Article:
Aimeric de Peguilhan S'eu chantei alegres ni jauzens 1212 Azzo VI of Este and Boniface of Verona
Daude de Pradas Be deu esser solatz marritz 122030 Uc Brunet
Aimeric de Peguilhan Ara par be que Valors se desfai 1220 Guglielmo Malaspina
Aimeric de Peguilhan De tot en tot es ar de mi partitz ???? bona comtessa Biatritz
Sordel Planher vol En Blacatz en aquest leugier so 1237 Blacatz
Bertran d'Alamanon Mout m'es greu d'En Sordel quar l'es faillitz sos sens 1237 Blacatz
Peire Bremon Ricas Novas Pus partit an lo cor En Sordel e'n Bertrans 1237 Blacatz
Aimeric de Belenoi Ailas, per que viu lonjamen ni dura 1242 Nuño Sánchez
Aimeric de Peguilhan ? Ab marrimen angoissos et ab plor 1245 Raymond Berengar IV of Provence
Rigaut de Berbezilh attr. En chantan (ieu) plaing e sospir 1245 Raymond Berengar IV of Provence
Bonifaci Calvo S'ieu ai perdut, no s'en podon jauzir 125065 his anonymous lady
Bertran Carbonel S'ieu anc nulh tems chantei alegramen 125265 P. G. (prob. Peire Guilhem de Tolosa)
Pons Santolh Marritz com hom malsabens ab frachura 1260 Guilhem de Montanhagol
Raimon Gaucelm Cascus planh lo sieu damnatge 1262 Guiraut d'Alanhan, burgess of Béziers
Anonymous Totas honors e tug fag benestan 1266 Manfred of Sicily
Bertolome Zorzi Sil mons fondes a meravilha gran 1268 Conradin and Frederick I of Baden
Paulet de Marselha Razos no nes que hom deja cantar 1268 Barral II dels Baus
Anonymous En chantan m'aven a retraire 1269 Gregorio de Montelungo
Guilhem d'Autpol ? Fortz tristors es e salvatj'a retraire 1270 Louis IX of France
Guiraut Riquier Ples de tristor, marritz e doloiros 1270 Amalric IV of Narbonne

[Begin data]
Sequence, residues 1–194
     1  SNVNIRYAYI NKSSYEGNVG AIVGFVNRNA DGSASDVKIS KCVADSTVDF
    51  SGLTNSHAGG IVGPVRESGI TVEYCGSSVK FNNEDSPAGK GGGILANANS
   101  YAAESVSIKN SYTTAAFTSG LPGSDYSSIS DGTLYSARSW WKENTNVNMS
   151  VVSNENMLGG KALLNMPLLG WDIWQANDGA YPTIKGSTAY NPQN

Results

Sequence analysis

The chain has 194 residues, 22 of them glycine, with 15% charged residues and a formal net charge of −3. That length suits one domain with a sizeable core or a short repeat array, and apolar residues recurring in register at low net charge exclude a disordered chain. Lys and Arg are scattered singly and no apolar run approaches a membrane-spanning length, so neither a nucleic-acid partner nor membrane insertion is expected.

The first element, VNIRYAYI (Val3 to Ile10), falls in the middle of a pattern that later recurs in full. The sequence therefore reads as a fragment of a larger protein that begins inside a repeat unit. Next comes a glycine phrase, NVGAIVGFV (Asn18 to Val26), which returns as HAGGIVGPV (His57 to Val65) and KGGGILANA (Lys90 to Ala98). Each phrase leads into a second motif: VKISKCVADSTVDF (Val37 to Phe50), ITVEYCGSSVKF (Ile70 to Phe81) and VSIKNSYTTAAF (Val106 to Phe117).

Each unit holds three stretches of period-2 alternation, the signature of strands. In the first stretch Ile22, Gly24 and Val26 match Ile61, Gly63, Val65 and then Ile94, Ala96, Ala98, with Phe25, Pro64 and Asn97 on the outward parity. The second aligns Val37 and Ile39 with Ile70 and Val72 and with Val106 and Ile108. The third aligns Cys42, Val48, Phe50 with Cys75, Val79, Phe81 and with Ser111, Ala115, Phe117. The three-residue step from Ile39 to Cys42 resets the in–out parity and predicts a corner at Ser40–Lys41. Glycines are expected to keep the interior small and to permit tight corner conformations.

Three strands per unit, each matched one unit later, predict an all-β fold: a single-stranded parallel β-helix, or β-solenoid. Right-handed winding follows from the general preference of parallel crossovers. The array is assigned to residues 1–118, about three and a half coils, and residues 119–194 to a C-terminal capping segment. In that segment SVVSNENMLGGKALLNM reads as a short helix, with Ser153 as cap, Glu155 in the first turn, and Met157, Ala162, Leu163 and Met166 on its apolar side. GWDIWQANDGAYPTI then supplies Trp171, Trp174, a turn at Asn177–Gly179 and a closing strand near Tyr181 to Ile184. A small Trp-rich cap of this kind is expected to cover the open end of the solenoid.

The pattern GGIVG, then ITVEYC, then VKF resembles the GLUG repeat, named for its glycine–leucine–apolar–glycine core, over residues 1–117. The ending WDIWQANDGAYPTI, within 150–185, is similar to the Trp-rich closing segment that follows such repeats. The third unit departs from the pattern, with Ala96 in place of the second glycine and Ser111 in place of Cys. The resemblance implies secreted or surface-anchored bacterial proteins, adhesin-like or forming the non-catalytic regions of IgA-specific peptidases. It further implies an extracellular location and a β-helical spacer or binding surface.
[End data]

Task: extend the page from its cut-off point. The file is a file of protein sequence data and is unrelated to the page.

Joan Esteve Aissi quol malanans 1270 Amalric IV of Narbonne
Mahieu de Quercy Tan sui marritz que nom puesc alegrar 1276 James the Conqueror
Cerverí de Girona Si per tristor per dol ni per cossire 1276 James the Conqueror
Cerverí de Girona Joys ni solatz, pascors, abrils ni mais 1276 Raimon de Cardona
Joan Esteve Planhen ploran ab desplazer 1289 Guilhem de Lodeva
Raimon Menudet Ab grans dolors et ab grans merrimens ???? Daude de Bossaguas
Raimon de Cornet Aras quan vey de bos homes fraytura 1324 Amanieu VII of Albret
Anonymous Glorios Dieus, don totz bens ha creysensa 1343 Robert the Peace-Maker

References [ edit ]

  1. ^ a b c d e Elisabeth Schulze-Busacker, "Topoi", in F. R. P. Akehurst and Judith M. Davis, eds., A Handbook of the Troubadours (Berkeley: University of California Press, 1995), pp. 421–440.
  2. ^ Patricia Harris Stäblein, "New Views on an Old Problem: The Dynamics of Death in the Planh", Romance Philology 35, 1 (1981): 223–234.
  3. ^ a b c William D. Paden, "Planh/Complainte", in W. W. Kibler and G. A. Zinn, eds., Medieval France: An Encyclopedia (New York: Garland, 1995), pp. 1400–1401.
  4. ^ John Stevens, "Planctus", Grove Music Online (2001). Retrieved 21 August 2019.
  5. ^ Stephen Manning, "Chaucer's Good Fair White: Woman and Symbol", Comparative Literature 10, 2 (1958): 97–105.

Further reading [ edit ]

  • Jeanroy, Alfred. La poésie lyrique des troubadours. Toulouse: Privat, 1934.